Homeland Security asks Pentagon for tents to detain at least 7,500 migrants
AUSTIN, Texas – The Defense Department could soon begin erecting tents to detain at least 7,500 migrants, should acting Defense Secretary Pat Shanahan sign off on another assistance request from the Department of Homeland Security.
The request from Homeland Security, which is under review, was submitted May 9 to the Pentagon, asking the Defense Department to work with Immigration and Customs Enforcement to construct temporary facilities at six locations to detain, house and care for a minimum of 7,500 single adult migrants, said Maj. Chris Mitchell, a Pentagon spokesman.
In addition to erecting the tents, Homeland Security is asking the Pentagon to provide contracting support to ICE for “wraparound services” such as food, water, electricity, restroom facilities, laundry and medical support, Mitchell said.
“DoD will not provide detention or custodial support for detained aliens at these ICE detention facilities. ICE is responsible for detention or custodial support,” he said.
The request comes as Homeland Security officials describe an historic flow of migrants crossing the U.S.-Mexico border that has overwhelmed their resources. Customs and Border Protection has apprehended more than 460,000 people in fiscal year 2019 at the southern U.S. border, surpassing yearly totals since 2009, Border Patrol Chief Carla L. Provost told Congress last week.
The Pentagon is already providing Homeland Security with more than 4,300 active-duty troops and National Guard members to conduct surveillance, build barriers, conduct logistical and aviation support, and medical and legal assistance.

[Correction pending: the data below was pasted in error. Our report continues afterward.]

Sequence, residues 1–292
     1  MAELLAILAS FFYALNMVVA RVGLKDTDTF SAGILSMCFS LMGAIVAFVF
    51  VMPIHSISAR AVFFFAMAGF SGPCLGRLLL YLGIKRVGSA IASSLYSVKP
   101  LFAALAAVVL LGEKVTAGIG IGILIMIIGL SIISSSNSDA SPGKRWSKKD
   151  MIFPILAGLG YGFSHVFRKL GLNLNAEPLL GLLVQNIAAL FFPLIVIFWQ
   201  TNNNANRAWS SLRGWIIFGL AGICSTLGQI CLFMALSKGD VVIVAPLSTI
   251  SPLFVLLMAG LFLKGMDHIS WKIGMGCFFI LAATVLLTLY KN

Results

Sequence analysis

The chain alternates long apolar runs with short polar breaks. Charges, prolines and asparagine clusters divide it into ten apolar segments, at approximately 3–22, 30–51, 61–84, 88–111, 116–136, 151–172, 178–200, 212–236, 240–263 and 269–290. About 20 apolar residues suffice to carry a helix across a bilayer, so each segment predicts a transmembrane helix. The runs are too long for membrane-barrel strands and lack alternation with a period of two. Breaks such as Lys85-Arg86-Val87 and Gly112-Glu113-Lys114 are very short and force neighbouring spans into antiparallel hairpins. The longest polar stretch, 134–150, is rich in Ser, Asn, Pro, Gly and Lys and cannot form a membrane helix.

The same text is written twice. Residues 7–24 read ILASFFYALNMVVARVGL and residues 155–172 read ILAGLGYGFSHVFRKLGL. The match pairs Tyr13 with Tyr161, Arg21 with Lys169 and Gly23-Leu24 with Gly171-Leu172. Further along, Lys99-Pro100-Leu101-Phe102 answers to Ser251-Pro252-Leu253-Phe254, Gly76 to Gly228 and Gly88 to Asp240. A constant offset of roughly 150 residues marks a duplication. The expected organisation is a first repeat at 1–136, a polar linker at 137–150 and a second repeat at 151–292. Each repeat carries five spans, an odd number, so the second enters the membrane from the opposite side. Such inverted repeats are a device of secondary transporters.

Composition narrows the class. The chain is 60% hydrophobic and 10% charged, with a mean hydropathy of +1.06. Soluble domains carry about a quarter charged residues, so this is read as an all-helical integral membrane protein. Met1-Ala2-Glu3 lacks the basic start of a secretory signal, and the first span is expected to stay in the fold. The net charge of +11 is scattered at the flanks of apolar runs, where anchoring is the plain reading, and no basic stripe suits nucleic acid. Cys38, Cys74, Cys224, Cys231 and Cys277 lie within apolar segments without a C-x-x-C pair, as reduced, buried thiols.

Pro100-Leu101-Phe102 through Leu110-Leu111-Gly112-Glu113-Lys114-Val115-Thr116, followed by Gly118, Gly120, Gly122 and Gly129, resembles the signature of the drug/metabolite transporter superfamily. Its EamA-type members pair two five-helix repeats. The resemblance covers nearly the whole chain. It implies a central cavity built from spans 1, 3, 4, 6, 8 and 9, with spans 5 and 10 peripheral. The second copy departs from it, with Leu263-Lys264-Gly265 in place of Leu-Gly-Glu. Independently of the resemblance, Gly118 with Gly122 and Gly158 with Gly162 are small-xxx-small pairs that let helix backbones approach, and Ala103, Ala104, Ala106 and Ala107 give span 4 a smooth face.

That mission is approved through Sept. 30, the end of the fiscal year. But during congressional testimony last week, Marine Gen. Joseph Dunford, chairman of the Joint Chiefs of Staff, said members of his staff are working with Homeland Security officials to plan support for the next couple years.
Meanwhile, the Army Corps of Engineers is overseeing the building of a border wall and $1.5 billion of the defense budget has been reprogrammed to support it. Contracts are already in place for more than 250 miles of wall, Shanahan told Congress last week.
The Department of Health and Human Services asked in April for the Pentagon to find potential housing for up to 5,000 migrant children. That request has yet to be put into action.
During a visit to the border over the weekend, Shanahan assured the military will not step down from this mission until the border is secure.
“What we want is for [Homeland Security] to be effective and stand alone,” Shanahan said, according to The Associated Press.